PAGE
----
As we begin to examine some of the more important rules, one thing you have to keep in mind is that no matter how well you know the rules, and no matter how obvious the infraction may seem at times from your point of view, the referee is the critical person in the contest. The game will be called from his point of view - no two referees are alike and no referee can see everything that happens on the ice. If a call is not made that you feel should have been made, before you react, remember that the infraction may not have looked as bad from where the referee was standing. The referee may not have seen the infraction or may not have felt that a penalty was warranted due to the game situation or for a multitude of other reasons.

As you become better educated through this section, remember to keep your priorities straight. The knowledge and insight you gain is to be used to get more enjoyment out of the game, not to pick on referees.




Minor Penalty: This is a 2:00 minute time penalty put on penalty clock if there are no coincidental penalties assessed at the same time.

Bench Minor: This is a 2:00 minute time penalty put on penalty clock for an infraction which takes place at the bench. Usually, this occurs when a coach or player says something derogatory to the referee and the official cannot identify the guilty party. It may also be assessed for a number of other ‘team’ penalties.

Major Penalty: One of the most severe penalties in the game. It is a 5:00 minute time penalty which is put on penalty clock and may also result in a game misconduct. This means that another player from the team must sit out the five-minute penalty. It is possible for a major penalty to be assessed without the game misconduct.

Coincidental Penalties: These occur when the penalty time to one team can be cancelled out with the equal amount of penalty time to the opposition. The remaining penalty time will usually show up on the penalty clock.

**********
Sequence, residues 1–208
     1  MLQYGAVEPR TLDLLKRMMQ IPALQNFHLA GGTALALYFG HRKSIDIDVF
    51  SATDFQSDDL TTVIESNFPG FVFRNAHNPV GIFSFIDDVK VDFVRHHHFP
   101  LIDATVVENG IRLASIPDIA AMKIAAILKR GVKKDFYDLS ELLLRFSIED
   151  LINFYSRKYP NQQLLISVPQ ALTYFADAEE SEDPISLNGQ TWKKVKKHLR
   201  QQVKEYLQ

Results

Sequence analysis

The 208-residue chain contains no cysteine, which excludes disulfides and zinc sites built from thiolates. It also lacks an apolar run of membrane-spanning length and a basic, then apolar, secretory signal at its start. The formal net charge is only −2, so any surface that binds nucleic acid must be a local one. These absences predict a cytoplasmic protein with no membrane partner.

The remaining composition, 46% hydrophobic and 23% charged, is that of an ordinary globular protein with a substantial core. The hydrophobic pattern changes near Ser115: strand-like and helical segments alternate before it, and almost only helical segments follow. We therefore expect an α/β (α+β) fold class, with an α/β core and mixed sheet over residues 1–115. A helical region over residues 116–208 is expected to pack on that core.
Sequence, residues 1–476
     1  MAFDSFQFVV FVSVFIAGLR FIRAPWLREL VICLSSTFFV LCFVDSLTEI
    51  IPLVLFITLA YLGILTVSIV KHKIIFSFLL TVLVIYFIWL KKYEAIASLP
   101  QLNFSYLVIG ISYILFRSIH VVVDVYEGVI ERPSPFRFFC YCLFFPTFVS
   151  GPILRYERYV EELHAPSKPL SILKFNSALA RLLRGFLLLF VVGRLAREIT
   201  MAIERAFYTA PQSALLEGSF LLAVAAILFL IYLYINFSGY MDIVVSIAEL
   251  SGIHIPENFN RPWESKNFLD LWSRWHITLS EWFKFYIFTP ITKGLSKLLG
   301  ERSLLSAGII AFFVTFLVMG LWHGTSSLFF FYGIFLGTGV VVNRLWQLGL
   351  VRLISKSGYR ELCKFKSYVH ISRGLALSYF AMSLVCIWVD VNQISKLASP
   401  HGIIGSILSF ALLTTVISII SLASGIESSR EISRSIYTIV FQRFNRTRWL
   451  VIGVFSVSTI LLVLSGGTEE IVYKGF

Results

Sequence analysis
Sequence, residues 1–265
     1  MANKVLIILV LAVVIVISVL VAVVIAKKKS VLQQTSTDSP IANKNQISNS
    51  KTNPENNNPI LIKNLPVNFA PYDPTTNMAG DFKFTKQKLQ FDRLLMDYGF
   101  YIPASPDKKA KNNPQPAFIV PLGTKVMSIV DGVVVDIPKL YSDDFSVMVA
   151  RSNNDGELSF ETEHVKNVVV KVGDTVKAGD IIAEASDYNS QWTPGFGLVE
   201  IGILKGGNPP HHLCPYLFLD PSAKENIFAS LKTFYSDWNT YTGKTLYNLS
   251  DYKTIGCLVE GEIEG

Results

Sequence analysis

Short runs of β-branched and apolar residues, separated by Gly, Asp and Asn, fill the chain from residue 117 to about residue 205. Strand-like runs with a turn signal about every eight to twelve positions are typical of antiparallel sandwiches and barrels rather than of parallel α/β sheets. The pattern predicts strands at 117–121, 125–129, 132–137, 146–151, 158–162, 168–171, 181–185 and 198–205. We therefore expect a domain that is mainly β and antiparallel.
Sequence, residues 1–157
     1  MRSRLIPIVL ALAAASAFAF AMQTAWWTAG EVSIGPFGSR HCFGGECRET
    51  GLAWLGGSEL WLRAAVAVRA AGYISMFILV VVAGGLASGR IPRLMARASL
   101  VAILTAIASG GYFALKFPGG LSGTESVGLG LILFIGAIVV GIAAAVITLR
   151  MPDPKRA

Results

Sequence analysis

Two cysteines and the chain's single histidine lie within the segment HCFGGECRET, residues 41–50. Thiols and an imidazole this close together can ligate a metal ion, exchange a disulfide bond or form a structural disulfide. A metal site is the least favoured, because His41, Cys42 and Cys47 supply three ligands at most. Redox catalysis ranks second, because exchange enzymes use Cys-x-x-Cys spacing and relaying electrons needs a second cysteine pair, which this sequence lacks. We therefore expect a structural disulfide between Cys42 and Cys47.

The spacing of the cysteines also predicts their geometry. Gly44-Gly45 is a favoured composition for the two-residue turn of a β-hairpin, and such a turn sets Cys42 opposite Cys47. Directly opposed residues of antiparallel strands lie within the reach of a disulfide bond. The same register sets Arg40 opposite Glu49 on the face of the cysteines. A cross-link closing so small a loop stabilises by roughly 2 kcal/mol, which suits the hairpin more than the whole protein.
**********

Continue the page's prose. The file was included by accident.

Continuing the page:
Match Penalty: This is another 5:00 minute time penalty for a serious infraction. It does result in removal from the game and requires a player to sit out the time in the penalty box. 

Misconduct: This is a 10:00 minute penalty that is not placed on the penalty clock. Immediate substitution for the player is permitted and the team will not play short-handed, provided there were no other time penalties assessed along with the Misconduct or to any other player on the same team at that particular stoppage of play. Misconducts are a referee’s way of giving an unruly player a ‘time-out’ to cool off.

Game Misconduct: The player or coach receiving a Game Misconduct (GM) will be removed from the game and the President of the association who has jurisdiction over the team will usually review his penalty. It often results in further suspensions.

Gross Misconduct: The player or coach receiving a Gross Misconduct will be removed from the game and their penalty will be reviewed by the President of the association who’s jurisdiction the team plays under for further suspensions. Gross misconducts are not called very often and signify a very serious infraction.

Game Ejection: When a player receives three (3) stick infraction penalties (NOT TRIPS TO THE PENALTY BOX) in the same game this player will be removed from the game. In some associations there is a rule that calls for a game ejection once a player receives four (4) penalties in the same game.